Even though there are other more reliable body language indicators of lying, we often need to be able to tell someone’s lying by watching their face.
From an early age, we’re taught to look at people when we’re speaking with them. You’d think that we’d be experts at interpreting facial expressions, but without training, our chances of detecting deceit are about 50%.
Steve here and welcome to this week’s private eye post where we’ll be taking a look at some of the specific facial body language that typically occurs when people lie.
So, if you suspect your wife, husband or partner or cheating on you, these are some of the best ways to tell if they’re lying from just watching their face.
The facial clues will most probably vary dramatically from one individual to another.
Some people will make it so obvious they’re lying, they may as well grow their nose like Pinocchio, or clap their hand to their mouth like a 3-year-old.
For others, the clues will be slight and hard to see. To be able to spot their lies, you’ll most likely need to establish a baseline first. To do this, you’ll need to pay particular attention to their facial cues when you know they’re telling the truth and talking on a subject they’re comfortable with.
Disclaimer: This information is for general educational purposes only and may not apply to all situations — everyone is unique after all. For help with an individual situation, please contact us —the first call is free, and we may just be able to put your mind at rest!
#1 Dry And Compressed Lips
Most people look for lies in the eyes of the person they’re speaking with but the lips are a fantastic source of information. Highly vascular and rich with nerves, the lips react almost instantly to display the truth of someone’s feelings.
There are four main things to look for in the lips when you suspect your partner of lying about cheating.
- First, you may notice that their kisses seem “off” before they even start to talk.
- You might see their lips tighten and compress as they hear something they don’t like. Both these first two are the result of a constriction of blood flow to the lips. Your partner’s kiss seems off because his/her lips are hard, and not warm and pliable. The tightening and compressing can almost make lips disappear completely.
- Third, you might see their lips purse after they tell a lie. This is because their mouth goes dry, and the pursing helps moisten their lips.
- Fourth, you might see them biting their lips after they tell a lie, or are “stressed” about something they hear. This is a soothing behaviour, like stroking your chin.
#2 Head Shaking
This is one of those crazily obvious things, and I know it sounds ridiculous now as you’re reading it.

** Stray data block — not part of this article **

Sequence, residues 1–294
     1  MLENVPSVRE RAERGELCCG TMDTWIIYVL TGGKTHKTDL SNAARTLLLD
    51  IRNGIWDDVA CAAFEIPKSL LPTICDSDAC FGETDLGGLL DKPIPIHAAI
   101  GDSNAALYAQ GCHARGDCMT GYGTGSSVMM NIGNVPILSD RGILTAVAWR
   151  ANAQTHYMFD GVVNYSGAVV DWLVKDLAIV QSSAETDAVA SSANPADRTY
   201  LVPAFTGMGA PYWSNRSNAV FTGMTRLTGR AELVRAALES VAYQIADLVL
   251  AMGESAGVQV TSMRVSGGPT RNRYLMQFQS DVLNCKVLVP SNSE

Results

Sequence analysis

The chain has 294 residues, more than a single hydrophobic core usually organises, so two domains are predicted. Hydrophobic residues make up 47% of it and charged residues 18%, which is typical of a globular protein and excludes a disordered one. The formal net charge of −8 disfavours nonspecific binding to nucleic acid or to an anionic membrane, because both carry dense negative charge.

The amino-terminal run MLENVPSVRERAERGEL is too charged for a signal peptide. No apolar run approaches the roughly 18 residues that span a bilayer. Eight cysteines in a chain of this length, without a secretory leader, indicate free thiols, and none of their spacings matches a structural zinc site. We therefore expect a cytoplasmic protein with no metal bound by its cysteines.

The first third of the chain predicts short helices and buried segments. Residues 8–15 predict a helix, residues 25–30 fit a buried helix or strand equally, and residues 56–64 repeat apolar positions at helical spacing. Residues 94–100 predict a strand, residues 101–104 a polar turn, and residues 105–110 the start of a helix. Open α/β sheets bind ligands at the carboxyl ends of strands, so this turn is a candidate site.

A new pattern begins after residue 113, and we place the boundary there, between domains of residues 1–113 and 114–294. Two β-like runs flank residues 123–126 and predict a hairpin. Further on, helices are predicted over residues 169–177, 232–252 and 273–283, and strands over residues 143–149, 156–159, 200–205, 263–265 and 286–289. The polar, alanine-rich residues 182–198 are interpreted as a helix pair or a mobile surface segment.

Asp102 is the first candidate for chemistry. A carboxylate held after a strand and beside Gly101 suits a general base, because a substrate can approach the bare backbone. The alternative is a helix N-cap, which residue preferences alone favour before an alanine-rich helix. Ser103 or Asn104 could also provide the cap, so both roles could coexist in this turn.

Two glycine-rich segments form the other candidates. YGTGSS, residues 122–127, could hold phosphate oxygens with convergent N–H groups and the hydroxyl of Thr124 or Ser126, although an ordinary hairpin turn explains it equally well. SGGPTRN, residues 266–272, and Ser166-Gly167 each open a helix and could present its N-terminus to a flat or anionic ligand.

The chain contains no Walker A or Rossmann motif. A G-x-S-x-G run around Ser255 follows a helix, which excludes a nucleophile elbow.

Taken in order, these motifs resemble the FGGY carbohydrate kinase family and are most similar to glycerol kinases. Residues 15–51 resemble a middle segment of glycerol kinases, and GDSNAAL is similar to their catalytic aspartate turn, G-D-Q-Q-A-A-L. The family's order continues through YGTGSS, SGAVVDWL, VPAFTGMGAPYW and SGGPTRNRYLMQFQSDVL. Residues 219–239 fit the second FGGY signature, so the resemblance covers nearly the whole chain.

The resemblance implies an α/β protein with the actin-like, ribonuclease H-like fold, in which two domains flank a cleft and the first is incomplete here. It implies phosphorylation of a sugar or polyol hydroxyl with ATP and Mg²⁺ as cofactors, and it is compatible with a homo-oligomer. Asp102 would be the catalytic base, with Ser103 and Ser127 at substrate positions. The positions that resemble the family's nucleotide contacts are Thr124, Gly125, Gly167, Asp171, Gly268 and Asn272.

But when some people lie, they literally shake their heads as a “no.” Some people will say “yes” and shake their heads “no” and vice-versa.
Once you notice it, don’t look at the person too hard, and instead, try and use peripheral vision to watch them. That way, they won’t easily become conscious of what they’re doing.
Blushing is a natural and limbic reaction. Often people who lie will blush immediately afterwards. This is usually most noticeable in women, especially in the neck area.
#4 False Smile
A false smile involves just the mouth. When someone smiles naturally they use the upper facial muscles and smile with their eyes and cheeks too. Try smiling with just your lips yourself and look in the mirror — then smile normally and see what a difference it makes.
There are a few things you can look for in the eyes, including the direction someone looks when they’re talking, but the following three are more reliable indicators of stress.
Blinking rapidly — some people start blinking a lot when they’re lying.
Elongated blinks — other people instead of blinking rapidly shut their eyes for an extended period of time. If it’s about a second or more then they’re doing this. (Again try it yourself and record on your phone so you can see what it looks like.)
Eyes darting back and forth — from times gone by, our old limbic response of fight or flight has us looking around for the options to escape. And that’s exactly why some people’s eyes are all over the place when they’re lying.
There are many parts of the body you can pay attention to and find out if someone is lying. Because of how we’re conditioned from an early age to look at people when speaking with them, the face is the natural place to start looking for clues to lying. To get better than the average person’s 50% chance of spotting deceit, you should practice paying attention to everyone you engage with on a daily basis. Before you know it you’ll be a human lie detector.
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Until next week,